Authentication

All requests against the Starmind API need to be authenticated. We use token-based authentication, where you receive a unique token after successfully logging in. This token is tied to your user and can be used as a "passport" in all subsequent requests until it expires.

OAuth 2.0 Authorization Code Grant Flow

Use the OAuth 2.0 Authorization Code grant flow for all types of integrations where you want your application (client) to consume the Starmind API on behalf of a Starmind user. This type of authorization flow is typically used with mobile apps or other integrations that have a backend (server) component.

Use this method if you are in an environment where you can store user credentials securely. Do not use the reauthorization code grant flow for client-side JS applications.

How does it work? When the user authorizes the application (client), they are redirected back to the app with a temporary code in the URL. The application exchanges that code for the access token. When the application makes the request for the access token, that request is authenticated with the client secret, which reduces the risk of an attacker intercepting the authorization code and using it themselves. This also means the access token is never visible to the user, so it is the most secure way to pass the token back to the application, reducing the risk of the token leaking to someone else.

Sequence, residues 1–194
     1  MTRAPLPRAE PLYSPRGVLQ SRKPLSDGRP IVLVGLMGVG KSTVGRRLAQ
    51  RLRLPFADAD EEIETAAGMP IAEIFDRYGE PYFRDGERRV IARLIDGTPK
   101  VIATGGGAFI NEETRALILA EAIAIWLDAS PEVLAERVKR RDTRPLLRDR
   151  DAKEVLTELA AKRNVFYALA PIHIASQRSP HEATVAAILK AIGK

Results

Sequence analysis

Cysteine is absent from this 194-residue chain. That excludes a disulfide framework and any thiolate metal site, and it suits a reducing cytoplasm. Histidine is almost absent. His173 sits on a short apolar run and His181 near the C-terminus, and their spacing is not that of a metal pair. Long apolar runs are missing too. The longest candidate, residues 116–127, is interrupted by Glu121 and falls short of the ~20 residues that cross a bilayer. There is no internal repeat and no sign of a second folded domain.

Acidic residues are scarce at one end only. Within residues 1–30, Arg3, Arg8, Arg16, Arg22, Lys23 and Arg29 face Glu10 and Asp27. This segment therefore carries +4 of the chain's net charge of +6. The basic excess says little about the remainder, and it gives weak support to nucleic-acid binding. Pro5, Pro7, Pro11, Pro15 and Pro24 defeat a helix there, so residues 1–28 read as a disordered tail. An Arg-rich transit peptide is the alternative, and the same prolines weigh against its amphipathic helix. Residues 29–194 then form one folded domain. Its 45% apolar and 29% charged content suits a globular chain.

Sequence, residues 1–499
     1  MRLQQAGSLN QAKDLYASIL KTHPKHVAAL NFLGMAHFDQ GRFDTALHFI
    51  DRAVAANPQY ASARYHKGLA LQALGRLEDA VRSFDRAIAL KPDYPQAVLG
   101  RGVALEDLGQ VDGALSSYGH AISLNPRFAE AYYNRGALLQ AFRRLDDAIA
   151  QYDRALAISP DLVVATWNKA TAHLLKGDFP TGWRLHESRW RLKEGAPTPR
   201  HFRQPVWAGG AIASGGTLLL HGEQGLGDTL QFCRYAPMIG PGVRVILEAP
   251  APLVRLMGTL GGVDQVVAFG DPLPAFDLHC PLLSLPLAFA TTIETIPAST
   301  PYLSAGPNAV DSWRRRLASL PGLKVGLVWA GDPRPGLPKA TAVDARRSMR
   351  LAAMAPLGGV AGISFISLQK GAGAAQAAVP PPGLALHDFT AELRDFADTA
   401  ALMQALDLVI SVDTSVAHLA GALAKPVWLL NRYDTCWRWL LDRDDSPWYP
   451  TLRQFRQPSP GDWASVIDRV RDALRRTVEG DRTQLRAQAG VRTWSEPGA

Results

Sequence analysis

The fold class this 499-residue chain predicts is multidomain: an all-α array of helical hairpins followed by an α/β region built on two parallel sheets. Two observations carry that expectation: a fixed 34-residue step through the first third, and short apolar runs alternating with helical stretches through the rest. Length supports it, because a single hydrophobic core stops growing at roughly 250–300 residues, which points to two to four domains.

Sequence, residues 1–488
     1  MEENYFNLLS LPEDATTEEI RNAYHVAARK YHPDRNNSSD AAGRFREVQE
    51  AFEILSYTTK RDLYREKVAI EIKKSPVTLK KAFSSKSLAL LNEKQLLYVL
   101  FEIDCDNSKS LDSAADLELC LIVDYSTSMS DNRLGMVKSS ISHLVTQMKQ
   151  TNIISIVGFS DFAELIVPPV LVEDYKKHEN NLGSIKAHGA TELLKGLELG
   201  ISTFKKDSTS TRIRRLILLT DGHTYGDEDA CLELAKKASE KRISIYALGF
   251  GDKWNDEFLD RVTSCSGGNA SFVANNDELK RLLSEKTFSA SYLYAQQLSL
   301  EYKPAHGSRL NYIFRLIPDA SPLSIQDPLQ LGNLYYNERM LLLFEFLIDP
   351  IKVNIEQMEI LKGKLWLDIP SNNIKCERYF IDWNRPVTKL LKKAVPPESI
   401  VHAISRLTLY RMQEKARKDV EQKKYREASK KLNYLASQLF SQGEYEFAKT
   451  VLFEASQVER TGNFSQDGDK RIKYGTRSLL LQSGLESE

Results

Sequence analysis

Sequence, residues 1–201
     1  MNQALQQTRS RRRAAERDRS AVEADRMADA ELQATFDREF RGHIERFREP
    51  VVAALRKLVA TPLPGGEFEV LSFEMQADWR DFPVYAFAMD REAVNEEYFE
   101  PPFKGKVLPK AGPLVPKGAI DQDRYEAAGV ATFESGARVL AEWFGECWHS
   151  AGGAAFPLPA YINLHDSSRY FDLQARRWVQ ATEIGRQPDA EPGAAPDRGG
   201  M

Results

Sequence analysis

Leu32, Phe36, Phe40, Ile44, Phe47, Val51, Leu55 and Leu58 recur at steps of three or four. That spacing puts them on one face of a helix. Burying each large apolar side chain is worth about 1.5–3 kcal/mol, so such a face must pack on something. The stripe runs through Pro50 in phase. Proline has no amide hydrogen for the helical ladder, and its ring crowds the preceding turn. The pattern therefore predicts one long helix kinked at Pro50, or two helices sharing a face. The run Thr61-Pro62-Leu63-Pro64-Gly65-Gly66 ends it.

1. Reach out to Starmind to get your credentials for the Oauth Client (app). You need to provide the redirect URL Starmind should whitelist. You will get from Starmind the following: Authentication Host, Realm Id and Client Id

  2. Your application should redirect the user to the following URL

https://<authentication-host>/auth/realms/<realm_id>/protocol/openid-connect/auth?client_id=<client_id>&response_type=code&redirect_uri=<redirect_uri>
  1. Next, the user needs to sign in.

  2. As soon as the user is signed in, the user is redirected back to the provided redirect_uri. In the URL parameters, you find the code you require for the next step.

  3. The provided code can now be exchanged for an access and refresh token

POST /auth/realms/<realm-id>/protocol/openid-connect/token HTTP/1.1
Host: <authentication-host>
Content-Type: application/x-www-form-urlencoded

client_id=<client_id>&
grant_type=authorization_code&
code=<code>&
redirect_uri=<redirect_uri>

Try it out with Curl